At the same time, India perceived its interests being served from international trade arrangements that favored and met the requirements of developing countries as long-years of colonial exploitation, late-industrialization and neo-colonialism (subtle forms of exploitation by developed countries through international financial arrangements favoring their interests) placed it on a platform shared by other third world countries. On March 4, this year, President Trump announced that the US intends to terminate India’s designations as a beneficiary developing country under the GSP program once the two-month notice period ended on May 3. Later, President Trump issued a proclamation ending the trade benefits effective June 5. Over the years, India’s interests differed from those of many developed countries including the US on the issues of patent rights over producing generic medicines to cater to the needs of poor people as well as massive agricultural subsidies that farmers of developed countries received. India’s stance on issues pertaining to environment and climate change contrasted with the views of many from the developed world. India’s concerns stemming from massive military and economic assistance to Pakistan (which New Delhi alleged being used for anti-India purposes) to prosecute war in Afghanistan did not attract serious attention from Washington too. In this article, the author makes an attempt to bring out the nuances in the bilateral relationship as the strategic relations between India and US gradually evolved.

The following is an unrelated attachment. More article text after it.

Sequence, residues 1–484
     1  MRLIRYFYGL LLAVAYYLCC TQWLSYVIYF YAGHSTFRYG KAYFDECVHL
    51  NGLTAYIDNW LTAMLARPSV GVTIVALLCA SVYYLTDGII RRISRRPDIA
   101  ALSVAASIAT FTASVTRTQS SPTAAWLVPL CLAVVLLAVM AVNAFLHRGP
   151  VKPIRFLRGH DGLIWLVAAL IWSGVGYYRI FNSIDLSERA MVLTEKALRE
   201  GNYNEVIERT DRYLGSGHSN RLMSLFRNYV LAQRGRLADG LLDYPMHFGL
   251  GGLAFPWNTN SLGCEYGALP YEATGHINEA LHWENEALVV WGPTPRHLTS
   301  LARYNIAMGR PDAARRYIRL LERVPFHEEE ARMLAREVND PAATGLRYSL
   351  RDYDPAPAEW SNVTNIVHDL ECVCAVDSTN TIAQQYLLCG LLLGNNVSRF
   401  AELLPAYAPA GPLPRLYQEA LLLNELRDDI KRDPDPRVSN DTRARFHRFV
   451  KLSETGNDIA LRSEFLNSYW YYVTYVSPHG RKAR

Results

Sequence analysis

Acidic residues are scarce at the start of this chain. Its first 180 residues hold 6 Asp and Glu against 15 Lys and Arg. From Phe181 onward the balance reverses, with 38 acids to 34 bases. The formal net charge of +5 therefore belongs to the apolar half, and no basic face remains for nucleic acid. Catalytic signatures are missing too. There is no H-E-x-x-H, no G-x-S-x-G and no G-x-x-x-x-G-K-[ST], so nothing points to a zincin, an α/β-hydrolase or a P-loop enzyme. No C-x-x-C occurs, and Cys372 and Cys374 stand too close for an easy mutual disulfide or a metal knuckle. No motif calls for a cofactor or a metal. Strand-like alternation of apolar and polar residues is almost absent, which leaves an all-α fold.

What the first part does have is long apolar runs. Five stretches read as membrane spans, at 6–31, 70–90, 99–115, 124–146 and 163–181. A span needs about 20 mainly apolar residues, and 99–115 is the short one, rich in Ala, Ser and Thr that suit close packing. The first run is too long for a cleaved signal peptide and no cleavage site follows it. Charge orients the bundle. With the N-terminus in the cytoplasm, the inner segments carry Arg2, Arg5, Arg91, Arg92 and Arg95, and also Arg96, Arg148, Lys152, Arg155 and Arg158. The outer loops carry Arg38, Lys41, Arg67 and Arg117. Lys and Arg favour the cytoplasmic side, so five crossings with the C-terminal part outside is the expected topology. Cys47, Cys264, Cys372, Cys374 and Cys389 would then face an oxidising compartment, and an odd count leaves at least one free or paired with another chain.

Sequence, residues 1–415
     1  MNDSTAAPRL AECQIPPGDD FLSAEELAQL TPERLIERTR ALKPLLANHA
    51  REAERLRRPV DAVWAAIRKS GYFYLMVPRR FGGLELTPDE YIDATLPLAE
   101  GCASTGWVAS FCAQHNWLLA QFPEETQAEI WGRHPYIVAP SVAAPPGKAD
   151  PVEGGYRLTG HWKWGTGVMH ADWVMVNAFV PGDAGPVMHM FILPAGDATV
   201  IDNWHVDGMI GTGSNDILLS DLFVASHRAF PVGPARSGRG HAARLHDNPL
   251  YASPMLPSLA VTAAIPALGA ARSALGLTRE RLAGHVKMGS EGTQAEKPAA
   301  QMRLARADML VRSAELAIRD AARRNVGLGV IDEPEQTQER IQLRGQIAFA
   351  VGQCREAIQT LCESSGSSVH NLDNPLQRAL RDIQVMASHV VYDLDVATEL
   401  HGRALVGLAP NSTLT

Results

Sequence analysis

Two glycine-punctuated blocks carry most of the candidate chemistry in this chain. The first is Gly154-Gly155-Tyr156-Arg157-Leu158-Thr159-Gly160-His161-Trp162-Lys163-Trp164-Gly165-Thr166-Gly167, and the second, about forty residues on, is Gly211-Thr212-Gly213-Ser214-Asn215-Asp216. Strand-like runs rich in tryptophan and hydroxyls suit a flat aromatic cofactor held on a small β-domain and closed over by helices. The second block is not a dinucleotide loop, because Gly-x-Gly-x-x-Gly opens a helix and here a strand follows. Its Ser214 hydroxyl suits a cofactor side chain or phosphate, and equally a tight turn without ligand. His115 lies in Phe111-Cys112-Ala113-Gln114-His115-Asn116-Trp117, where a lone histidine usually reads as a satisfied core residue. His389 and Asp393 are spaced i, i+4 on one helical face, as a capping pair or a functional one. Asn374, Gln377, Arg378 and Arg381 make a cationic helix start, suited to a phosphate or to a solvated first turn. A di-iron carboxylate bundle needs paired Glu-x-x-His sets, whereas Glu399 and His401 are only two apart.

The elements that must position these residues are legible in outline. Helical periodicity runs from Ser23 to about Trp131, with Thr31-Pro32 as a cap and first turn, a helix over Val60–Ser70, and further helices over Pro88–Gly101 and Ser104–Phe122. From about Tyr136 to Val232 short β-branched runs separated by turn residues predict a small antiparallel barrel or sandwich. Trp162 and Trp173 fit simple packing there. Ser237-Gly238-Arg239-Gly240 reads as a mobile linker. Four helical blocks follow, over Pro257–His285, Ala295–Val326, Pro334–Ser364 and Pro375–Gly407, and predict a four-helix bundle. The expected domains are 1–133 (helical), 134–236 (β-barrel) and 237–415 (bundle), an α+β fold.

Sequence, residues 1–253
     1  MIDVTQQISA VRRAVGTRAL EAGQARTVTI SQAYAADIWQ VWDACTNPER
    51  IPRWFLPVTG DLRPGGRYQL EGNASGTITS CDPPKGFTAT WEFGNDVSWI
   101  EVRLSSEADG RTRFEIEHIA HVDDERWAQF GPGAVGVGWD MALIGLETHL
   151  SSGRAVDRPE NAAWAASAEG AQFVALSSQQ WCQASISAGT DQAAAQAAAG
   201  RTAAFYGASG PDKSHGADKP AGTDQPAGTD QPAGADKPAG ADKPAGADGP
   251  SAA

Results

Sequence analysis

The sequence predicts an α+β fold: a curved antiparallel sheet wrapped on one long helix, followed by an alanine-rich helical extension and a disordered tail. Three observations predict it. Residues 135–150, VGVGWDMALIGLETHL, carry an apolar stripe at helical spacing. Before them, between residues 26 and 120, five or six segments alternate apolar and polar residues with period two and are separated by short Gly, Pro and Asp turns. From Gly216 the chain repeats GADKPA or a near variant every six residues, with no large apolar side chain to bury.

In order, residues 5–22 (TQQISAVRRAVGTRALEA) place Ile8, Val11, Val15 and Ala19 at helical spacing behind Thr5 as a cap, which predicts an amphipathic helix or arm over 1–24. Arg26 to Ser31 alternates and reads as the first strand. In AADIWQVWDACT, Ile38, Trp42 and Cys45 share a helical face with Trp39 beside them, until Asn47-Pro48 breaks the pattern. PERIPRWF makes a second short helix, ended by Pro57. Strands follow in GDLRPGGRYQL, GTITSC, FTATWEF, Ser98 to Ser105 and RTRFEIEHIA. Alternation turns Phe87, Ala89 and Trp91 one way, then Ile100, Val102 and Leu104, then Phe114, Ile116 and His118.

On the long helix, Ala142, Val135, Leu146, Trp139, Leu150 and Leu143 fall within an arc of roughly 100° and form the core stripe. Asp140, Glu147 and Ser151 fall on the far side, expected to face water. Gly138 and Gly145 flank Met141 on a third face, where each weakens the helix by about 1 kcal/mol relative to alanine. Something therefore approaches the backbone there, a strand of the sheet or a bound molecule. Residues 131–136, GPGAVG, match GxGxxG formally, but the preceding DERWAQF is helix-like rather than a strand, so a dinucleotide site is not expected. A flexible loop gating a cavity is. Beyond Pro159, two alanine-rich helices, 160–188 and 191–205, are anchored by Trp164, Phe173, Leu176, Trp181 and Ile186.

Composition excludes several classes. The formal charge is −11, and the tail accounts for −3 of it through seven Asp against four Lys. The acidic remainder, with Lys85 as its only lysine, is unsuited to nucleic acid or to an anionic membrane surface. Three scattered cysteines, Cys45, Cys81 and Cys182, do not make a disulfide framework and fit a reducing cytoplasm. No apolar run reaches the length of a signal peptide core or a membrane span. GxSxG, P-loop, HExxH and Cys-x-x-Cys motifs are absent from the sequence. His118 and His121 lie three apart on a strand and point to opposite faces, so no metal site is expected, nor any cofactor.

The Cold War – a period of occasional but valuable American support to India